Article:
Stixen: The trees took the cake for me! I jest. But I think the most disturbing part physiologically was seeing how religion deeply destroyed and disturbed this family. I mean, within the first few minutes, the family’s blind faith was causing their destruction and, in the end, it was their downfall. But, visually, I think the most disturbing part was a toss-up between the dead dog and the baby sacrifice? It’s a tough call. What about you?

The baby. The baby was the worst. The downfall of religion also interested me. There was a whole town full of people who the family considered beneath them, and yet they all survived just fine. It was the family’s assumed piety that seemed to draw the things they feared.

Stixen: Yes! Very interesting. I will say, as someone who grew up in a Christian home, the elements of religion haven’t changed all that much from what we were seeing. That disturbed me more than anything, I think.

I feel the same. So, although it’s very easy to joke about the scary trees, what thematic elements did you actually enjoy?

Stixen: As I was saying, I think hair was my favorite. Especially since we were dealing with the age-old concept of the Witch as this figure of an empowered woman (which at the time was Satanic), I really enjoyed how the hair mirrored and shifted between each of the female characters. What was your favorite?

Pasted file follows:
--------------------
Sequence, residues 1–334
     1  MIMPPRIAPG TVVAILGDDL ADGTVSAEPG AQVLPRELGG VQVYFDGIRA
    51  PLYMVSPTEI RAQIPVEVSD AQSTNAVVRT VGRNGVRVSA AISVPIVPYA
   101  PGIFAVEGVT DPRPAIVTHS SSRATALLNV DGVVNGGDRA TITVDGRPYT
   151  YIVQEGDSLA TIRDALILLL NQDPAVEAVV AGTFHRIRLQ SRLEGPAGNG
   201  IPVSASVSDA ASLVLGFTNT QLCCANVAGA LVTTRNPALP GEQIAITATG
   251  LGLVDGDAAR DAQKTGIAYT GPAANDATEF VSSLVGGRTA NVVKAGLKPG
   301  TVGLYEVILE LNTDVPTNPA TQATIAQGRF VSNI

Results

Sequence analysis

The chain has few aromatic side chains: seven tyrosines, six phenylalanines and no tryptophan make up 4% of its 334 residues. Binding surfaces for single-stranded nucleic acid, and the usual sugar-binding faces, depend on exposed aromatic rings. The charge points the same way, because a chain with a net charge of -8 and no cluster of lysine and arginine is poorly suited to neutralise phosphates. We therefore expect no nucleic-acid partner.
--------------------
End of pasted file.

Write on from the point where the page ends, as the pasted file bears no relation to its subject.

The hair and the animals. It was an interesting relationship between the “lesser” animals and the supernatural elements tied up with them.

Stixen: Yes! I enjoyed that as well. The satanic goat was a bit heavy handed at first, but I liked what they did with it.

The whole “Is it or isn’t it?” conundrum. That was a reoccurring theme.

Official Heel Rating:

HeelHeelHeel

Two and a half heels. The half is thanks to the fabulous acting of Black Phillip the goat.

M. Leigh Hood is a rare beast of the Cincinnati wilderness typically preoccupied with writing, nerding, and filming The Spittoon List. For more articles and stories by M. Leigh Hood, look HERE.